Alice Tokla's Sunday Night Suppers
Clearly, during the 39 years of Gertrude Stein and Alice Toklas' relationship, any writerly aspirations Alice may have entertained had to be sublimated in deference to the needs of the acknowledged “genius” of the family.
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Her culinary prowess, as well as sustaining Gertrude’s literary endeavors (and considerable girth), set the stage for those more celebrated cooks who came later.
Tea In The Garden, Henri Matisse. Fair use
In their somewhat eccentric menage, Alice played wife, happily tending to the domestic arrangements while Gertrude took centre stage.
She was the answer to every modern woman’s prayer, quietly smoothing the way and tidying up behind the scenes.
Insulated from the mundanities of life, Gertrude was set free to focus wholly on creating her next masterpiece.
No wonder she always looked so serenely self-composed (while not surprisingly the strain of her heavy responsibilities sometimes showed on the diminutive Alice’s face).
Clearly, during the 39 years of their relationship, any writerly aspirations Alice may have entertained had to be sublimated in deference to the needs of the acknowledged “genius” of the family.
Consequently she didn’t publish her first book until 1954 at the age of 77, well after Gertrude’s death.
The apartment of Gertrude Stein and Alice B. Toklas was the most famous artistic and literary hangout in Europe.
This was the Alice B. Toklas Cookbook a fascinating compilation of recipes collected over the years interspersed with anecdotes and reminiscences.
It’s here that Alice’s instinctive understanding and appreciation of French food is obvious:
“To cook as the French do one must respect the quality and flavour of the ingredients. Exaggeration is not admissible. Flavours are not all amalgamative. These qualities are not purchasable but may be cultivated. The haute cuisine has arrived at the enviable state of reacting instinctively to these known principles.”
Book Cover, 1954
Its publication sparked no small controversy, owing to the inclusion of a recipe for Haschich Fudge, the ingredients for which included cannibus.
Murder in the Kitchen
The book’s commercial success (it’s rarely been out of print since 1954 and the thirtieth anniversary edition hit the top fifty French cookbooks list on Amazon after its release) can I think be attributed to far more than the infamous Alice B. Toklas brownies.
Even if you’re not a cook, a browse through the chapter titles alone is enough to tempt you – “Murder in the Kitchen”, “Dishes for Artists”, “Food to which Aunt Pauline and Lady Godiva Led Us” and “Recipes from Friends” being just a few.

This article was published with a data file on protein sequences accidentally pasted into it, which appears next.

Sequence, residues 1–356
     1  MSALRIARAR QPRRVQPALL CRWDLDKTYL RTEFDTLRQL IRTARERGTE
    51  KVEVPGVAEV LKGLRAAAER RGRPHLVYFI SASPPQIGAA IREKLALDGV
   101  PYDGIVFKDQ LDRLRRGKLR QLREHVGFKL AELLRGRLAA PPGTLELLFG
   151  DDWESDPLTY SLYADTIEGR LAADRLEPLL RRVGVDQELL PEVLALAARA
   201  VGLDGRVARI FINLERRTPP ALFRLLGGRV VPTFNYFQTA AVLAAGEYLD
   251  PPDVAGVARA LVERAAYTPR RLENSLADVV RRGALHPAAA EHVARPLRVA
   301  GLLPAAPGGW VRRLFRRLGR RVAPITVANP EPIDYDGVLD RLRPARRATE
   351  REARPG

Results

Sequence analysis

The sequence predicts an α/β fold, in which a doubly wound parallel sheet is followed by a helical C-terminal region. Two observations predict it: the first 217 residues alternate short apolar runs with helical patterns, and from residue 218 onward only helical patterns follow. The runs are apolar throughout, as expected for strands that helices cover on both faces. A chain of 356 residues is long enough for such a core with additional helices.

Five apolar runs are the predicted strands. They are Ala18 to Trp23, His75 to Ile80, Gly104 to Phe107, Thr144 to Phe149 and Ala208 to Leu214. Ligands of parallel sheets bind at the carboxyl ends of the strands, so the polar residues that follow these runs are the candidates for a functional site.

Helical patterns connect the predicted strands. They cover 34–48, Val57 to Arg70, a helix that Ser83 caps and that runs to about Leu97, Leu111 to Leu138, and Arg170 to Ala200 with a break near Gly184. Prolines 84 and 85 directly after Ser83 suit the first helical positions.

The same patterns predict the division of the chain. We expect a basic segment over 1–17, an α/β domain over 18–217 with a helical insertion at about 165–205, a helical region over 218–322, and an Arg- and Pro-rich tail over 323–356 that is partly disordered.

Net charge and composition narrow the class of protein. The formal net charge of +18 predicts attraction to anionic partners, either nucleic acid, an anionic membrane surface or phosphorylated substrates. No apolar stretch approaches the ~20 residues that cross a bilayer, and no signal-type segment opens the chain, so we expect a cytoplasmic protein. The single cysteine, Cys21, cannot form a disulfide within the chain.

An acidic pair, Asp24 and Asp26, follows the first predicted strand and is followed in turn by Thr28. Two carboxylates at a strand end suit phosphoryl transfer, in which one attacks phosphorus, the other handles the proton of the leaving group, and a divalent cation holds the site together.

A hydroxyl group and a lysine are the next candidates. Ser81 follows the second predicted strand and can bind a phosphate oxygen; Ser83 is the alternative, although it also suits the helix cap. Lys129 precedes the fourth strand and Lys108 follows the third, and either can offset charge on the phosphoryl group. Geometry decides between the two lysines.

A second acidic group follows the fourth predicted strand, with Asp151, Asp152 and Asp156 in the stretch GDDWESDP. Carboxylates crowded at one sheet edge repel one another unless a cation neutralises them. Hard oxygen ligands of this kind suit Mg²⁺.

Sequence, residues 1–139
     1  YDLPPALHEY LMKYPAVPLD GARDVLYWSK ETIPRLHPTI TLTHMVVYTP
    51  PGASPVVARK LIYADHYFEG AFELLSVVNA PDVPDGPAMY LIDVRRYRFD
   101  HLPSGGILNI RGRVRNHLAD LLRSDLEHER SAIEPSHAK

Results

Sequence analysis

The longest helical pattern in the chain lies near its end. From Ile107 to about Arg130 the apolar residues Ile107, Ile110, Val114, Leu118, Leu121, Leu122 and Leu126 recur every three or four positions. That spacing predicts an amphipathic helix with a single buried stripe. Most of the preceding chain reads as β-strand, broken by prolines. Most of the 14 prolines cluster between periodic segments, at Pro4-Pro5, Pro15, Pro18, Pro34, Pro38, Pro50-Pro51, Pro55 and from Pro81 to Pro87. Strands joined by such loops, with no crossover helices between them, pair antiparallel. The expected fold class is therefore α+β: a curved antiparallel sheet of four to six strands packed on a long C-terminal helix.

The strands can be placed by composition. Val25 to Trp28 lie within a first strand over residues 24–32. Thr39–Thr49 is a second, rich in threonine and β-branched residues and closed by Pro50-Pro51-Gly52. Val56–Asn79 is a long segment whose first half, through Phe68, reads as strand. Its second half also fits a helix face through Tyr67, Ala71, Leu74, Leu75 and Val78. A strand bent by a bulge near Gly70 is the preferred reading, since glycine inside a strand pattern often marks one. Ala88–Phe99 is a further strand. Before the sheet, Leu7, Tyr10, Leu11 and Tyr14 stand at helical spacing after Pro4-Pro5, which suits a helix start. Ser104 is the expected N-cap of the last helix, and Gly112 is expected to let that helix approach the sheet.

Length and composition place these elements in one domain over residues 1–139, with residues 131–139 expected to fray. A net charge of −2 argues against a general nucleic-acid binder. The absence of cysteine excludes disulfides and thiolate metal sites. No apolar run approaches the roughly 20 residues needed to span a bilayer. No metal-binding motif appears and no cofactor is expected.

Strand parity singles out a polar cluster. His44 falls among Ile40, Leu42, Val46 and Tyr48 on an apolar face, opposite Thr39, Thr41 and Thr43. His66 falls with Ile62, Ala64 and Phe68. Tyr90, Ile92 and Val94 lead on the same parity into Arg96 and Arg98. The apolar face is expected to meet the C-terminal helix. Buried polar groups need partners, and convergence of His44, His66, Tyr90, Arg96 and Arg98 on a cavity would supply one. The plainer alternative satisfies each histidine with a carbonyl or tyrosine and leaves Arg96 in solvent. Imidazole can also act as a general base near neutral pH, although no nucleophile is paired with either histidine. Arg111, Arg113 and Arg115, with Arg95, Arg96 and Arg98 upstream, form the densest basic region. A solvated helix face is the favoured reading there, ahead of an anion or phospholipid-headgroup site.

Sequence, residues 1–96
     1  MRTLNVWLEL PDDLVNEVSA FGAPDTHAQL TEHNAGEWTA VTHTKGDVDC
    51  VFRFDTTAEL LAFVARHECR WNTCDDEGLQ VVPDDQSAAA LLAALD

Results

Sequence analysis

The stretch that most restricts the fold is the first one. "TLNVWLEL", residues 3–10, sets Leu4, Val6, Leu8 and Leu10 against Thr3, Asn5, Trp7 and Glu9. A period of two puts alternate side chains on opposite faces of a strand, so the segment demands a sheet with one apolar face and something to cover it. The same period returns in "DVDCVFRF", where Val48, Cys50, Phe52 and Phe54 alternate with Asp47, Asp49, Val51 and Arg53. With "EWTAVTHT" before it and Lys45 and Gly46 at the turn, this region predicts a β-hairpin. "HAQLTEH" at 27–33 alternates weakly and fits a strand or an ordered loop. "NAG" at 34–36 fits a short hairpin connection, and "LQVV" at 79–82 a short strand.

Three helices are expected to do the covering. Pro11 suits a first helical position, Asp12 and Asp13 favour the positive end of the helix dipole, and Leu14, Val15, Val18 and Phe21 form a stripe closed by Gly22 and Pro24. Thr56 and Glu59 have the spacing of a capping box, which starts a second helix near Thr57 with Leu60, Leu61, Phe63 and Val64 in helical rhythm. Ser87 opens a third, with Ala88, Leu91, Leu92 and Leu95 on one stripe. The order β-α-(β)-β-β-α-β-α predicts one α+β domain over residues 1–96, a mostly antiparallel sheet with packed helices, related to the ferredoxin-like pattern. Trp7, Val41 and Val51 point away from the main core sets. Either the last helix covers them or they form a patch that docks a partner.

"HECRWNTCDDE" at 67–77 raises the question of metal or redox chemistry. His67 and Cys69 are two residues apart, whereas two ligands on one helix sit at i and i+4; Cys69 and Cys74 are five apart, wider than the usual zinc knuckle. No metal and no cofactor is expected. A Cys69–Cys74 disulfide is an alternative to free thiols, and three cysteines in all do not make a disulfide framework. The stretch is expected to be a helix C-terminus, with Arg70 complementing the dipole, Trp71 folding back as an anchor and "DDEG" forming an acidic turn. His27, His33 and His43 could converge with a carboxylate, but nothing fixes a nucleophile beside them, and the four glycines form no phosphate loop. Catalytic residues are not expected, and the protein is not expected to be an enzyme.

Considering the shifting panorama of stellar names who made up their coterie of friends over the years, the latter chapter is essential reading.
Artistically inclined fish lovers might like to try “Bass for Picasso”.
As Alice tells us in her delightfully forthright prose:
“One day when Picasso was to lunch with us I decorated a fish in a way that I thought would amuse him. I chose a fine striped bass and cooked it according to a theory of my grandmother who rarely saw her kitchen but who had endless theories about cooking as well as about many other things…
Fit For An Artist
Following her instructions for cooking the fish, she adds:
“A short time before serving it I covered the fish with an ordinary mayonnaise and, using a pastry tube, decorated it with a red mayonnaise, not coloured with catsup – horror of horrors – but with tomato paste.
Then I made a design with sieved hard-boiled eggs, the whites and the yolks apart, with truffles and with finely chopped fines herbes. I was proud of my chef d’oeuvre when it was served and Picasso exclaimed at its beauty. But, said he, should it not rather have been made in honour of Matisse than of me.”
Jazz in Paris
“Custard Josephine Baker” is another one that shows her wry sense of humour, containing as it does three bananas. Josephine Baker, the darling of Jazz Age Paris, was renowned for her “banana dance”, in which she sported a brief skirt (and little else) made up of 16 bananas.
While she became an expert in French cooking, Alice nevertheless maintained a strong allegiance to the “simple” food of her home land.
On Sunday evenings (the servant’s night off) she took over the reins in the kitchen and at Gertrude’s insistence, Sunday night supper had to be American food.
Such wholesome down-home fare as fricasseed chicken, cornbread and apple pie regularly made appearances at the Sunday night supper table. Thanksgiving was also celebrated in the traditional way with turkey and all the trimmings.
Although her years after Gertrude’s untimely death were beset with loneliness, financial problems and ill health, Alice never lost her fascination with food.
In a letter written to a friend late in life, she provides a couple of helpful hints:
“If your lettuce is getting old, soak it root down in one inch of water.”
“The Indian way to blanch almonds – soak almonds overnight. Next morning peel them. The skins will slip off easily.
The almonds will be somewhat tender. Almonds blanched in boiling water are hard and quite tasteless.”
If your only knowledge of Alice is as the subject of Gertrude Stein’s only commercially successful novel The Autobiography of Alice B. Toklas, or as the shadowy doorkeeper to the glittering salon of her larger than life partner in Woody Allen’s movie, Midnight in Paris, than stay tuned.